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Information Security
Governance and Risk
Management

Objective
Information Security Management
The Big Three - CIA
Security Governance
Policies, Procedures, Standards & Guidelines
Organizational Structures
Roles and Responsibilities
Information Classification
Risk Management
Security Awareness training

Information Security Management


To protect an organizations valuable resources, such
as information, hardware, and software
Identification of an organizations information assets
The development, documentation, and
implementation of policies, standards, procedures,
and guidelines
Ensure Availability, Integrity and Confidentiality

CIA - Confidentiality
Confidentiality
Protection of information within systems so that unauthorized
people, resources, and processes cannot access that
information

The Threat
Hackers, Masqueraders, Unauthorized user activity
Unprotected downloaded files, networks, and unauthorized
programs (e.g., Trojan horses and viruses)
Social Engineering

The Action
Granting access on a need-to-know (least privilege) basis
Well-Formed Transaction
Awareness

CIA - Integrity
Integrity
Protection of Information System or Processes from
intentional or accidental unauthorized changes

The Threat
Hackers, Masqueraders, Unauthorized user activity
Unprotected downloaded files, networks, and unauthorized
programs (e.g., Trojan horses and viruses)
Authorized users can corrupt data and programs accidentally
or intentionally

The Action
Granting access on a need-to-know (least privilege) basis
Separation of duties
Rotation of duties

CIA Integrity Cont


The Action
Granting access on a need-to-know (least privilege) basis
Separation of duties
Rotation of duties

Separation of Duties
No single employee has control of a transaction from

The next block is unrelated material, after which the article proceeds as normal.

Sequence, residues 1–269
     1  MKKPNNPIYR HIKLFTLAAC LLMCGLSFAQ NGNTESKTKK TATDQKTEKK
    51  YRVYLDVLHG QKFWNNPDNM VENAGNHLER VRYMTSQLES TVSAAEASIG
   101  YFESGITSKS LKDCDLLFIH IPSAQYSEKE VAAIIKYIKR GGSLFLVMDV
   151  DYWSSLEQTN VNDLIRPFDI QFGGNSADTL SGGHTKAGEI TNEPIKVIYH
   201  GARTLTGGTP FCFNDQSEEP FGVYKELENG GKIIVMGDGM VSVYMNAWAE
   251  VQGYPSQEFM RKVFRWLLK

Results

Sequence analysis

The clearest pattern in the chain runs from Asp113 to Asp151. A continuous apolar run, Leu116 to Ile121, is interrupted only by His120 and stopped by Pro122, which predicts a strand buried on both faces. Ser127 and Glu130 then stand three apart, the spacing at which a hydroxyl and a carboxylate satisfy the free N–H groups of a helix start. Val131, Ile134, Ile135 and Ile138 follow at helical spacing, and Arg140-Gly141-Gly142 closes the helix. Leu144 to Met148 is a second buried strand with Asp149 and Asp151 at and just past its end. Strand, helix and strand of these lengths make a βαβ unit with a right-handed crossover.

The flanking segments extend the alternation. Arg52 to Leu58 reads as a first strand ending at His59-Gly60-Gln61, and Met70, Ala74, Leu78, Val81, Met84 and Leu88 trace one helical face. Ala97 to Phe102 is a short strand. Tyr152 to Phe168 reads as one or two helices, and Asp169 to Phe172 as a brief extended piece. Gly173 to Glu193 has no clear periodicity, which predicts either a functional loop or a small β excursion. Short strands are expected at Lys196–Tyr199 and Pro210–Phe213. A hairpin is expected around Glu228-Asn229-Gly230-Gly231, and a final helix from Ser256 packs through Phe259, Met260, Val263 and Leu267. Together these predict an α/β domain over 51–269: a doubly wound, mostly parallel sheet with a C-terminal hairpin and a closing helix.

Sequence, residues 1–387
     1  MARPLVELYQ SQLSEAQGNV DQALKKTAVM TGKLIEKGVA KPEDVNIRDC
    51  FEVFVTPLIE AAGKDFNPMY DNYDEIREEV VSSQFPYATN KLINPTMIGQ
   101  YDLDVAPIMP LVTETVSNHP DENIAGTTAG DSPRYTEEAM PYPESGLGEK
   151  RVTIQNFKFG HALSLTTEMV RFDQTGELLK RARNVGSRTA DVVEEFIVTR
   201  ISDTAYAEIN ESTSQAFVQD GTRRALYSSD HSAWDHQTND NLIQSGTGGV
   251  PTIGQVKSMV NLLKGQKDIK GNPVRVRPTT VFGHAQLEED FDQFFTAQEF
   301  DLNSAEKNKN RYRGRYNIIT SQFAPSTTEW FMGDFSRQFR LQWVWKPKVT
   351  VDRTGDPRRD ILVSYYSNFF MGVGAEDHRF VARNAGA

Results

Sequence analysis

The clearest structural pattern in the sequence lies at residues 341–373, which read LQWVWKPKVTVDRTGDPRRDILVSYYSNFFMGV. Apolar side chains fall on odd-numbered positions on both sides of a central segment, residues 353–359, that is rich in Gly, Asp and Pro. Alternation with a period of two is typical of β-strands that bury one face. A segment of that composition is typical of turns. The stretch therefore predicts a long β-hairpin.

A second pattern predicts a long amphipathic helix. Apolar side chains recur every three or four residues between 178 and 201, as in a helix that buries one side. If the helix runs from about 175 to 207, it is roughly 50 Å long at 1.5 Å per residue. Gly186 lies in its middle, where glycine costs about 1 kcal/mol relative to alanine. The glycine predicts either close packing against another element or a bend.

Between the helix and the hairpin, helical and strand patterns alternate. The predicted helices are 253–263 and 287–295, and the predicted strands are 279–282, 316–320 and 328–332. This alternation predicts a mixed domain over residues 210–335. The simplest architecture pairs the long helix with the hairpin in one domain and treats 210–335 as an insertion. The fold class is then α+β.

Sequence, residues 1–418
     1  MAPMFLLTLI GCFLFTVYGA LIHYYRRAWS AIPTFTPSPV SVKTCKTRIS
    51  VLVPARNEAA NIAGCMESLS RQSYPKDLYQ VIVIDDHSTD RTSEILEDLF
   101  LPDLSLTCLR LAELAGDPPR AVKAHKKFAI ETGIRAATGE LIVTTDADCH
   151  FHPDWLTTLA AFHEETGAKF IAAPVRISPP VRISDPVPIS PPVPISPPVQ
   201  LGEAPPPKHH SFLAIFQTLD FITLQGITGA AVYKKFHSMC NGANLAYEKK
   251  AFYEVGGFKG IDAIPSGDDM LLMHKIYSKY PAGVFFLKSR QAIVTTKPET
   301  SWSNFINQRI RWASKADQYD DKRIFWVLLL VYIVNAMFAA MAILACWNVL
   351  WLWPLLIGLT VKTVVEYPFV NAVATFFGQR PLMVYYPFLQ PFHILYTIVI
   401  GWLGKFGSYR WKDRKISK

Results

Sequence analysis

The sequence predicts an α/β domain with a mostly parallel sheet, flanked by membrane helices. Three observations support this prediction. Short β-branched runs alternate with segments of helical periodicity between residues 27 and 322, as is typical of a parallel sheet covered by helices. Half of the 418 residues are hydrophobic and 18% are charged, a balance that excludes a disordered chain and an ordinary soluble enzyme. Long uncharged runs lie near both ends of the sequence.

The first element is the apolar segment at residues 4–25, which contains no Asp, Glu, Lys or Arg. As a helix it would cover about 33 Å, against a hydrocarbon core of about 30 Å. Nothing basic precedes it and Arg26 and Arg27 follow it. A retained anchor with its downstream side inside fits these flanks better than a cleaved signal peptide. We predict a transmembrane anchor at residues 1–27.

beginning to end

Rotation of Duties
Change Job assignments periodically
Works well when used in conjunction with a separation of
duties
Helps organization when losing a key employee

The security program must employ a careful balance


between ideal security and practical productivity

CIA - Availability
Availability
Availability is the assurance that a computer system is accessible
by authorized users whenever needed.

The Threat
Denial of Service & Distributed Denial of Service
Natural disasters (e.g., fires, floods, storms, or earthquakes)
Human actions (e.g., bombs or strikes)

The Action
Contingency planning which may involve business resumption
planning, alternative-site processing, or simply disaster recovery
planning provides an alternative means of processing, thereby
ensuring availability.
Physical, Technical, and Administrative controls are important
aspects of security initiatives

CIA Availability Cont


The Physical controls
Restrict unauthorized persons from coming into contact with
computing resources and Facilities

The Technical controls


Fault-tolerance mechanisms (e.g., hardware redundancy, disk
mirroring, and application checkpoint restart)
Electronic vaulting (i.e., automatic backup to a secure, offsite location)
Access control software to prevent unauthorized users

The Administrative controls


access control policies, operating procedures, contingency
planning, and user training

Ensuring CIA
Think in terms of the core information
security principles
How does this threat impact the CIA?
What controls can be used to reduce the
risk to CIA?
If we increase confidentiality, will we